The documentary Slim & I, which had a limited theatrical release a little while ago and is now available to view at home, should probably have the subtitle ‘Where would Australian country music be without Joy McKean?’ because it’s clear by a certain point of watching that, if you didn’t already know, the answer to that would be ‘nowhere’.

McKean was the winner of the very first Golden Guitar (the first of her 45 GGs), almost 49 years ago, for the song ‘Lights on the Hill’, recorded by her husband, Slim Dusty. Most Australian country music fans knows Slim and Joy’s story – their annual pilgrimage around Australia, playing as heartily and readily to remote communities as they did to the Mt Isa Rodeo – so there’s no need to establish just how much they’re part of our musical marrow. This documentary, directed by Kriv Stenders (Red Dog) and produced by Chris Brown, Aline Jacques and Slim and Joy’s grandson James Arneman (a member of the band Small Town Romance, who contributed the song ‘I Don’t Believe You’ to the soundtrack), concentrates on Slim and Joy as a partnership. As Joy says in the film, ‘I filled gaps in his ability and he filled gaps in mine.’ It’s the story of the hard work of each person in that partnership and how it was constant, possibly relentless, over the years. It is not a hagiography of either individual, especially as Joy is interviewed – along with her hilarious sister, Heather – and tells it like it was.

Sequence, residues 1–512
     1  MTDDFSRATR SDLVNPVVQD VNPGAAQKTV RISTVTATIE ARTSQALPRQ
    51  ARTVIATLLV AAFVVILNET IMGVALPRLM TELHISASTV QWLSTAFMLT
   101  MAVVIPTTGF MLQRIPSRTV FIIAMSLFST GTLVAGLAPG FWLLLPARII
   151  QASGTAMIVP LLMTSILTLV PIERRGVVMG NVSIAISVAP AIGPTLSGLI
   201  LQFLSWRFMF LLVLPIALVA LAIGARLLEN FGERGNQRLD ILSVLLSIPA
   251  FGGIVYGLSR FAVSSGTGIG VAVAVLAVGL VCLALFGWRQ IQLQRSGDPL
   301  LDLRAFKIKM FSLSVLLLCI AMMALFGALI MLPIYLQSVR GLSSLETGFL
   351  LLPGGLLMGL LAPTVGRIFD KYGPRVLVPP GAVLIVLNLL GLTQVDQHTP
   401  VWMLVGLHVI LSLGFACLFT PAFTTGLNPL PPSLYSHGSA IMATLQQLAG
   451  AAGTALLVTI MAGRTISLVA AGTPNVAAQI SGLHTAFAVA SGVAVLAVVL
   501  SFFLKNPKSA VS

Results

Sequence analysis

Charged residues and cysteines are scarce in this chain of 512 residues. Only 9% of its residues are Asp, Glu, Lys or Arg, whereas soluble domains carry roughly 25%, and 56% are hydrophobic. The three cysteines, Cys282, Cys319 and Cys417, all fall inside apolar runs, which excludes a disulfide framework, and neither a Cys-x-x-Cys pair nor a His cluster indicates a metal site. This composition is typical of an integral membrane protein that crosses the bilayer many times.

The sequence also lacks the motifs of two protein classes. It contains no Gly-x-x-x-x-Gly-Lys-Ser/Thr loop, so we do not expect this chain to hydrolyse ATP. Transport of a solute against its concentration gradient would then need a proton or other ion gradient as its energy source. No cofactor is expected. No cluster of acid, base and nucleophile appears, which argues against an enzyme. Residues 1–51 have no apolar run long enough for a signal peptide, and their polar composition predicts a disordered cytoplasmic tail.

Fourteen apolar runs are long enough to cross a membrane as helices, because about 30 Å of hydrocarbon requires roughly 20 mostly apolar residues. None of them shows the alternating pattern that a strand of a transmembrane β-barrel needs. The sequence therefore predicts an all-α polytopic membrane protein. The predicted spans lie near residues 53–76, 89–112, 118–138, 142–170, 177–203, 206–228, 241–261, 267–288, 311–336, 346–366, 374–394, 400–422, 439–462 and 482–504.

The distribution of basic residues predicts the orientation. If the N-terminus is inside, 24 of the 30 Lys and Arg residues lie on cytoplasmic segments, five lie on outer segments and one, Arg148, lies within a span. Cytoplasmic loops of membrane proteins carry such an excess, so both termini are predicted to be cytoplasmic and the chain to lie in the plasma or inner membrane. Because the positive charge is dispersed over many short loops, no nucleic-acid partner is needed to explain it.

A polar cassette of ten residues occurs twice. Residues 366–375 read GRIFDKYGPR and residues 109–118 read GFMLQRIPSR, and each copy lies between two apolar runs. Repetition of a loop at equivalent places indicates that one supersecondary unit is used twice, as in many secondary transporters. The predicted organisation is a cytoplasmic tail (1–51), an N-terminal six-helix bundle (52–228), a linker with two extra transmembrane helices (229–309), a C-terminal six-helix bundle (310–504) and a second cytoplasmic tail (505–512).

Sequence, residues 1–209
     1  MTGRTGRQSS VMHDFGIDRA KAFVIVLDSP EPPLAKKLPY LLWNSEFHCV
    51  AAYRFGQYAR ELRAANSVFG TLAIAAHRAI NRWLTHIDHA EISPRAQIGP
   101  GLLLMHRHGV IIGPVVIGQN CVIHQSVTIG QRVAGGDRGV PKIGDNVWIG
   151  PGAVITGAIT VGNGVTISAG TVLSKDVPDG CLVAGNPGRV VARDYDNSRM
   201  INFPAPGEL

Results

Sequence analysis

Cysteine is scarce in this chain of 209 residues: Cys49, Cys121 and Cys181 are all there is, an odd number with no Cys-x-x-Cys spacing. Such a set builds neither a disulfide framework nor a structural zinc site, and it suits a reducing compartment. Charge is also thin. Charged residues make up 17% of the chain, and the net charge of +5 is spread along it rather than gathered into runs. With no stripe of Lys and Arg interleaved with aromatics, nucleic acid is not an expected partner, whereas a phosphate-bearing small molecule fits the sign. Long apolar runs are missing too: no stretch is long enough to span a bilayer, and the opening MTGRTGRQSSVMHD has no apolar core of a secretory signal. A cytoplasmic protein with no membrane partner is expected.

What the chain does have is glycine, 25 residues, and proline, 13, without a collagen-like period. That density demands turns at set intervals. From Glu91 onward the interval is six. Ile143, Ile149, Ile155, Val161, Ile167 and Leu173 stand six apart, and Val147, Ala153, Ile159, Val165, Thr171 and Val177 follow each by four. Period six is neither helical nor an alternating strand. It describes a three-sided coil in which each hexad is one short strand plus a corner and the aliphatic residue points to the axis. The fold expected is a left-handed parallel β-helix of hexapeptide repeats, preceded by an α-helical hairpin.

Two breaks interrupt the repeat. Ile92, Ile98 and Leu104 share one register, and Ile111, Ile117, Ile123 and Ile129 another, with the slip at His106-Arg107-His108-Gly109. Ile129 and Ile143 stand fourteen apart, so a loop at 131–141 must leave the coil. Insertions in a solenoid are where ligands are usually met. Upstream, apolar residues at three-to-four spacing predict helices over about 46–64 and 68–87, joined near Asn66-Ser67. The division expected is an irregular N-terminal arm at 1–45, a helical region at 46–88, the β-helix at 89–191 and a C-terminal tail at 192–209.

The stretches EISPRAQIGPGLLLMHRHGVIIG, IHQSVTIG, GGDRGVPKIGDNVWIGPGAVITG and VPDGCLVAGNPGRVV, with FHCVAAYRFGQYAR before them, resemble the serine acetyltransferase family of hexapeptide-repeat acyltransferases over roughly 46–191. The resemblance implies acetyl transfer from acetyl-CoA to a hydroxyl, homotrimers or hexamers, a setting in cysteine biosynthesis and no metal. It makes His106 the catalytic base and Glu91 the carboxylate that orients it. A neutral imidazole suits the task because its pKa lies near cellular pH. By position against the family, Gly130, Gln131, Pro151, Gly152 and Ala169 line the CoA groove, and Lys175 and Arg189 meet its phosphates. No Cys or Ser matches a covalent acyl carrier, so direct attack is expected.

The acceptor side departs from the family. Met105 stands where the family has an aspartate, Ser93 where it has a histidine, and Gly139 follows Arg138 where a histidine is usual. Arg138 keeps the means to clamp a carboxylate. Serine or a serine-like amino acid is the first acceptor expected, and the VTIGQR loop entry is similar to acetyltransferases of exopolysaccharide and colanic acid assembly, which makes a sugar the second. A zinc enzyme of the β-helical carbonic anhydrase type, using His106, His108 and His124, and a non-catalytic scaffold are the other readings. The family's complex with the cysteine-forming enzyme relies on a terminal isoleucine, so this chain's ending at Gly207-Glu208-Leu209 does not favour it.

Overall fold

As she and Slim travelled and performed, Joy was writing, as well as keeping the show literally on the road, even after her children were born. Slim was the star but he wouldn’t have been that without Joy – not just because of her support but because of her songs. This documentary, with its earthy, entertaining style and lack of saccharine sentiment, is a fitting tribute to a woman who, for so many decades, just got on with it – and who also showed us how to live a life that embraces creativity as an everyday practice rather than something that only happens when harps play in the background and scented candles burn in the corner. Joy wrote wherever she could, then she’d usually get up on stage at night and play a show with Slim, pack up the caravan and move on to the next place to do it all again. She found inspiration everywhere and didn’t doubt that songs would come. She lived music, in so many ways, and if we weren’t already sure we are so lucky to have her and her contributions to our national culture, this documentary will show you that we are, over and over again.

Slim & I is available on DVD, Blu-ray and digital now.